The Folly of Unnecessary Battles

The culture wars distract us from the warfare that matters most.

There are battles that need to be fought.  Our world is now engaged in a war against a pandemic.  This may pale next to the upcoming battle for economic survival.  Political candidates are poised to exploit both of these wars in their quest to win the upcoming elections.  As politico Rahm Emmanuel said to his operatives, “Let no good crisis go to waste.”   So, the culture wars that have polarized America will continue unabated.  

     Sadly, Evangelicals have been caught up in these cultural battles.  Too many are more fixated on saving America than advancing God’s Kingdom.  Followers of Jesus ought to be concerned about sexuality, marriage, family, the rights of the unborn, and religious freedoms.  We should be just as concerned about sacredness of life in all areas, as well as justice and mercy for the least, weakest, and oppressed in our land. 

     Here, I want to focus on Evangelical parents and grandparents.  What battles are you fighting?  I hope that they are more important than the culture wars.  Jesus didn’t come to change culture, nor did he call us to do so.  He came to seek and to save those who are lost.  If enough people become heavenly minded, they just might do some earthly good.  But changing this fallen world isn’t the gospel endgame. Jesus said, “What should it profit a person, should he gain the whole world and forfeit his soul?”  [Mark 8:36].  To paraphrase Jesus’ words, what would it profit you if your loved ones were heterosexual, pro-life, pro-family, capitalist, flag-waving, G-Rated Americans and lose their souls?  

    Sun Tzu, in his Art of War, wrote, “There are roads that must not be followed, armies which must not be attacked.  There’s no better illustration than what happened on July 1, 1863.  It started as a desperate gamble to turn the tide of war.  General Robert E. Lee broke out of the Shenandoah Valley at the head of his Army of Northern Virginia.  The Civil War was going badly for Abraham Lincoln.  Antiwar protestors were rioting in northern cities.  Newspaper editors ridiculed him as “the Gorilla from Illinois.”  Union generals refused to obey him.  Cabinet secretaries plotted his demise.  France and England were waiting for an excuse to throw their weight behind the Confederacy.

     General Lee’s target was Philadelphia.  If he could seize that city, the war-weary Union might sue for peace.  But, at the crossroads town of Gettysburg, he caught Union General Meade’s Army of the Potomac out of position.  As dawn broke on July 3, 1863, Lee held all the cards.  His army could either move north to Philadelphia, or speed south to seize Washington D.C. 

      Instead, Lee chose to engage Meade’s army in battle, even though the Union forces were larger, better armed, and controlled the high ground.  When Jeb Stuart’s cavalry went on a wild goose chase, the Confederate commander lost his eyes. Unable to follow Meade’s troop movements, he was soon outmaneuvered.  His generals begged him to retreat.  But pride got the best of Lee, and he stubbornly fought on in what became the bloodiest battle in U.S. history.  By the time the slaughter ended on July 3, the Confederates had suffered a 38% casualty rate.  Their shattered army limped away in disgrace and the sun began to set on the Southern cause.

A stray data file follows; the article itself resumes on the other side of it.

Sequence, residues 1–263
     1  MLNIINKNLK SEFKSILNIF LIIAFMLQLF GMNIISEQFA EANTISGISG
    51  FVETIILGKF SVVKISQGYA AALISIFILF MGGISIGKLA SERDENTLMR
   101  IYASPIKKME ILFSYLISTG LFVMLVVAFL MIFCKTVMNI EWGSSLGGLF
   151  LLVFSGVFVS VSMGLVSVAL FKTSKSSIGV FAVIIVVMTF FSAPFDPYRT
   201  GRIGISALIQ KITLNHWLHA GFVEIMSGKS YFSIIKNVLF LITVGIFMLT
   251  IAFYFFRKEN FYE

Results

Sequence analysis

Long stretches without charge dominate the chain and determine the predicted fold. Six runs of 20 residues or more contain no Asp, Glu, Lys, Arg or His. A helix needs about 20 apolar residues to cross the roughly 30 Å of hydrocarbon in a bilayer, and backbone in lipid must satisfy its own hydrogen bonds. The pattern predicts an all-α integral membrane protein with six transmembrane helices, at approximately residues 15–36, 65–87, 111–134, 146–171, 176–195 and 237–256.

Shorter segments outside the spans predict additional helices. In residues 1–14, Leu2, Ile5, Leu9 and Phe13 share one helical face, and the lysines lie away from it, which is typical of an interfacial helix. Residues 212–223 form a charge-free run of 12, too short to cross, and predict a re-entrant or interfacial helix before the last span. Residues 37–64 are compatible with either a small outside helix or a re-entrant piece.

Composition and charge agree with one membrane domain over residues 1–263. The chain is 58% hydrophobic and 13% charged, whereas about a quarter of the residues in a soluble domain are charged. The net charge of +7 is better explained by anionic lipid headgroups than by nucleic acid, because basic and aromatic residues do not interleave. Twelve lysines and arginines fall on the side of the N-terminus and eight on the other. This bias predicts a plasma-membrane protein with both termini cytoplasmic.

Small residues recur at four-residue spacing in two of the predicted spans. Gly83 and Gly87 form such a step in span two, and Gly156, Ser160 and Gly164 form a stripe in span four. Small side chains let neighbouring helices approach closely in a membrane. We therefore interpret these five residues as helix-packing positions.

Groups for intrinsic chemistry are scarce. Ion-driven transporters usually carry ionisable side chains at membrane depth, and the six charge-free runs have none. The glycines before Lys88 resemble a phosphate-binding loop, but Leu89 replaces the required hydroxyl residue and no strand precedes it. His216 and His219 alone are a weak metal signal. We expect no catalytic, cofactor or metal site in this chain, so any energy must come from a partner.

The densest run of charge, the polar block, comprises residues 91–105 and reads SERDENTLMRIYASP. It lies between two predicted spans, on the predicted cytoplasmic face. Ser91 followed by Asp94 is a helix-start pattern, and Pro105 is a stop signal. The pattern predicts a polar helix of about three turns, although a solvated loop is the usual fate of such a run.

Sun Tzu was right: it is a great folly to fight unnecessary battles.  Like General Lee, we too often get sucked into a foolish fray, and then fight on until all is lost—all because of stubborn pride.  When it comes to family conflicts, this rule is inviolate: if one person wins, and the other loses, both end up losing.  What good is there in winning the argument if you lose the person you love?  Too often we attempt to win our children, grandchildren, friends and neighbors over to our political or social views, only to discover that, like General Lee at Gettysburg, our efforts have lost far more than we ever hoped to win.     

    Our Millennial and Gen Z loved ones may be on opposite sides from us in the culture wars, but they respect the unvarnished Jesus of the Gospels.  Remember his promise: “If I be lifted up, I will draw all people to myself.” [John 12:32] So, spend your energies presenting Jesus to those you love most, and then let the Holy Spirit do the rest.  It’s only when he invades their lives that they will be changed.  But, even then, be prepared to be surprised.  Jesus may not have the same priorities that you have in the changes He works in them.  But, whatever transforming He does, it will be so much better than anything you ever imagined—and without all the casualties that come from unnecessary battles.  

Dr. Bob Petterson
Legacy Imperative